The White Ship
During the reign of Henry I, King of England and Duke of Normandy, Bertold, the bastard son of a Count, is sent as a tutor to the castle of Breteuil in Normandy, Tom Jones-fashion, to seek his fortune. In Breteuil his fortune finds him in the comely shape of Countess Juliane, bastard daughter of King Henry, who is saddled with a boorish husband, Eustace. Juliane’s father is in conflict with his barons, including Eustace. Bertold thinks he has plenty to worry about, such as not getting caught in the act of adultery and being castrated, and has no idea of the tragedies and dilemmas in store for him as he gets caught up in some of the most famous incidents of the 12th century.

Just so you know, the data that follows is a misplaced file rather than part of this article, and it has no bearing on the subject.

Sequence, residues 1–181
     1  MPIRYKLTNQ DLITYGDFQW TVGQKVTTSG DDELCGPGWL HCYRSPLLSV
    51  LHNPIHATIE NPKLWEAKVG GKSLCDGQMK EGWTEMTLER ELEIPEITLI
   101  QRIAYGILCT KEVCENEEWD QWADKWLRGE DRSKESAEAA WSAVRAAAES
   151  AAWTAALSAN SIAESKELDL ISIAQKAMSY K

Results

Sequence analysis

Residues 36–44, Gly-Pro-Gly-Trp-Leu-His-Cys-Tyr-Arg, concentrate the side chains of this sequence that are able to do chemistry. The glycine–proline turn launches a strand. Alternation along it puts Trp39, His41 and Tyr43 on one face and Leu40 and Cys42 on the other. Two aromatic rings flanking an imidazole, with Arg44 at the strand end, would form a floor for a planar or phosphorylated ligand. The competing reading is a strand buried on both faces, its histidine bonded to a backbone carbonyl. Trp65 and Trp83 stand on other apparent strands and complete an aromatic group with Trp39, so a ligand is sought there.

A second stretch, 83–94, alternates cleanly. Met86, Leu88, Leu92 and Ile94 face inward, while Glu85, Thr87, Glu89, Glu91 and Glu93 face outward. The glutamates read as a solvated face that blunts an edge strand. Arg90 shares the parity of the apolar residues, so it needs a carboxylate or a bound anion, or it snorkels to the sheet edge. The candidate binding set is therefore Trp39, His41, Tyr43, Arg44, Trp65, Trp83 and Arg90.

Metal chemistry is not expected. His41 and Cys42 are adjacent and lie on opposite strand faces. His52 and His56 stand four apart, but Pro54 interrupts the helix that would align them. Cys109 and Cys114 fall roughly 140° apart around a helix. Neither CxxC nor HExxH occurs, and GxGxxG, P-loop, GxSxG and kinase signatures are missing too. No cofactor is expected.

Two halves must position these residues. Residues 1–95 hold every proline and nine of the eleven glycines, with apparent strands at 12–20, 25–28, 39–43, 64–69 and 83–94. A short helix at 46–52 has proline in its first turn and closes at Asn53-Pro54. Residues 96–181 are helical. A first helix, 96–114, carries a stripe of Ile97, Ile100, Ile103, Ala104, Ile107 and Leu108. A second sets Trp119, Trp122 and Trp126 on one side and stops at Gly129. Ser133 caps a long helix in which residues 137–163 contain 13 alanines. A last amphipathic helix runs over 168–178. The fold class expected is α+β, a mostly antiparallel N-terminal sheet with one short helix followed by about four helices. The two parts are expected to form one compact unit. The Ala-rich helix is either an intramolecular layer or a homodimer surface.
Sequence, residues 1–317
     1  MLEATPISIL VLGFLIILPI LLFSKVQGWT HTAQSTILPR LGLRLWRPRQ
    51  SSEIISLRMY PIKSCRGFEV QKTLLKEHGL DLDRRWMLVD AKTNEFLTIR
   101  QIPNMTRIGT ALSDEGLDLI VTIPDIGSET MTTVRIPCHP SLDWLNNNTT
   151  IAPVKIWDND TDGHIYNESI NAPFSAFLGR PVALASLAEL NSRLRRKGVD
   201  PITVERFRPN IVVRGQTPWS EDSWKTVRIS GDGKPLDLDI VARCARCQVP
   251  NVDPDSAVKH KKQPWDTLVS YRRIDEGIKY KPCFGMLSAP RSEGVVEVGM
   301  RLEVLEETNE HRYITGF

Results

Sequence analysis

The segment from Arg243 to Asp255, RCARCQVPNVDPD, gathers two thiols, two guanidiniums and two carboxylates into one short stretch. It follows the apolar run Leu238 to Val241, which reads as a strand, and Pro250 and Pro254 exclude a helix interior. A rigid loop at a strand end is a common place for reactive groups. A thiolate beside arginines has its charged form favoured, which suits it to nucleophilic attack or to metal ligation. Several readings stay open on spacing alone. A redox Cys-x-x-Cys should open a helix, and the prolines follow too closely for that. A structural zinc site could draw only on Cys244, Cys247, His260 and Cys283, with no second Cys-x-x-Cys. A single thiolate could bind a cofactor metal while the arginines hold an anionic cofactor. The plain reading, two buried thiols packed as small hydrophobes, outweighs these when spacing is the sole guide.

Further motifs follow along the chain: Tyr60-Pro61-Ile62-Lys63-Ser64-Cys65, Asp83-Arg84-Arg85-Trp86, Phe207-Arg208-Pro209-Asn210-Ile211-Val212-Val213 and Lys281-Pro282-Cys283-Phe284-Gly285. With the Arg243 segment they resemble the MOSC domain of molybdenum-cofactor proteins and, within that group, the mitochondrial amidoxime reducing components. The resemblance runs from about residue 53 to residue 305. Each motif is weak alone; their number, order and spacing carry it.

The book is thoroughly researched and should have been fine grist for an historical novel, but the characterisation lacks depth. Real historical people appear like celebrities in Hello magazine. Bertold keeps telling us that Juliane, whose passion drives the story, is an amazing woman and he wishes we had met her, but Salaman fails to bring her off the page. The book is stuffed with deliberate anachronisms which are supposed to be part of the humorous style: “In a recent survey … we came top for sheer dungeon quality”, “the Christmas rush”, “he told him where to get off”, and Abelard’s belief in “Modernism, Realism, Conceptualism”. Bertold himself is a good-looking, lucky buffoon, and his character and voice are ill-equipped to handle the two historical tragedies the novel is draped across: King Henry’s role in the blinding and maiming of his own two little granddaughters, and then the loss of his heir, two of his other children and around 300 young nobles and crew in the wreck of the White Ship off Barfleur.